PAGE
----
Students, professors, and researchers in just about every discipline use academic writing to convey ideas, make arguments, and participate in scholarly conversation. Academic writing is described as evidence-based arguments, precise word choice, logical organization, and an tone that is impersonal. Though sometimes looked at as long-winded or inaccessible, strong academic writing is very the exact opposite: It informs, analyzes, and persuades in an easy manner and enables the reader to interact critically in a scholarly dialogue.
Examples of Academic Writing
Academic writing is, of course, any formal written work produced in an academic setting. The following are some of the most common while academic writing comes in many forms.
Literary analysis: A literary analysis essay examines, evaluates, and makes an argument about a work that is literary. As its name suggests, a analysis that is literary goes beyond mere summarization. It takes careful close reading of just one or multiple texts and often centers on a characteristic that is specific theme, or motif.
Research paper: a study paper uses information that is outside support a thesis or make a quarrel. Research papers are printed in all disciplines that will be evaluative, analytical, or critical in nature. Common research sources include data, primary sources (e.g., historical records), and secondary sources (e.g., peer-reviewed scholarly articles). Writing a research paper involves synthesizing this external information with your own personal ideas.
Dissertation: A dissertation (or thesis) is a document submitted towards the end of a Ph.D. program. The dissertation is a book-length summarization for the candidate’s research that is doctoral.
Academic papers might be done as part of a course, in a course of study, or for publication in an academic journal or scholarly book of articles around a layout, by different authors.
Characteristics of Academic Writing
Most disciplines that are academic their own stylistic conventions. However, all academic writing shares certain characteristics.
- Clear and focus that is limited. The main focus of an paper—the that is academic or research question—is established early by the thesis statement. Every paragraph and sentence regarding the paper connects back into that focus that is primary. As the paper can include background or contextual information, all content serves the purpose essay writing of giving support to the thesis statement.
- Logical structure. All academic writing follows a logical, straightforward structure. With its form that is simplest, academic writing includes an introduction, body paragraphs, and a conclusion. The introduction provides background information, lays out of the scope and direction associated with the essay, and states the thesis. The body paragraphs support the thesis statement, with every physical body paragraph elaborating using one supporting point. The final outcome refers back once again to the thesis, summarizes the main points, and highlights the implications associated with the paper’s findings. Each sentence and paragraph logically connects to the next to be able to present a argument that is clear.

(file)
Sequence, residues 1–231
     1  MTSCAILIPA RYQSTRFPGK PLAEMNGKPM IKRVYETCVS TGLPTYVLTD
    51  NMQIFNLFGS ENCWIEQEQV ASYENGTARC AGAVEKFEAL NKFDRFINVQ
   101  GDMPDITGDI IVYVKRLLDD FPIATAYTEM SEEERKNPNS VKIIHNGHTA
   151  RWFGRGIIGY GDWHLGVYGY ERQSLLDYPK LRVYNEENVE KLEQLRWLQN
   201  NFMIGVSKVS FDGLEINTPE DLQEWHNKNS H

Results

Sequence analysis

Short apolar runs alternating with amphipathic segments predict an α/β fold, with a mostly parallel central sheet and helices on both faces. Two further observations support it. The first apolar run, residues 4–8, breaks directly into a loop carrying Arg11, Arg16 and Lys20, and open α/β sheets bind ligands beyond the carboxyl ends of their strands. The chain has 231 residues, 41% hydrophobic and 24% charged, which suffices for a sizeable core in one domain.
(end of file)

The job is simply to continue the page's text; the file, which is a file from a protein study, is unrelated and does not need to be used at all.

- Evidence-based arguments. Academic writing requires well-informed arguments. Statements should be sustained by evidence, whether from scholarly sources (as in a research paper), outcomes of a report or experiment, or quotations from a primary text (like in a literary analysis essay). The use of evidence gives credibility to a quarrel.
- Impersonal tone. The purpose of academic writing is to convey a logical argument from an objective standpoint. Academic writing avoids emotional, inflammatory, or else biased language. It must be presented accurately and objectively in your paper whether you personally agree or disagree with an idea.
Most published papers also provide abstracts: brief summaries of the very most important points of this paper. Abstracts appear in academic database search engine results making sure that readers can quickly see whether the paper is pertinent with their own research.
Let’s say you’ve just finished an essay that is analytical your literature class. If a peer or professor asks you what the essay is about—what the point associated with the essay is—you should be able to respond clearly and concisely in a single sentence. That single sentence is your thesis statement.
The thesis statement, bought at the end of the initial paragraph, is a one-sentence encapsulation of your essay’s idea that is main. It presents an overarching argument and may also identify the key support points for the argument. In essence, the thesis statement is a road map, telling the reader where the paper is going and exactly how it will get there.
The thesis statement plays an role that is important the writing process. When you’ve written a thesis statement, you’ve established a focus that is clear your paper. Frequently referring returning to that thesis statement will prevent you from straying off-topic through the drafting phase. Of course, the thesis statement can (and really should) be revised to reflect changes in the content or direction of this paper. Its ultimate goal, after all, is always to capture the key ideas of clarity and specificity to your paper.
Academic writers out of every field face similar challenges through the writing process. It is possible to enhance your own academic writing by avoiding these common mistakes.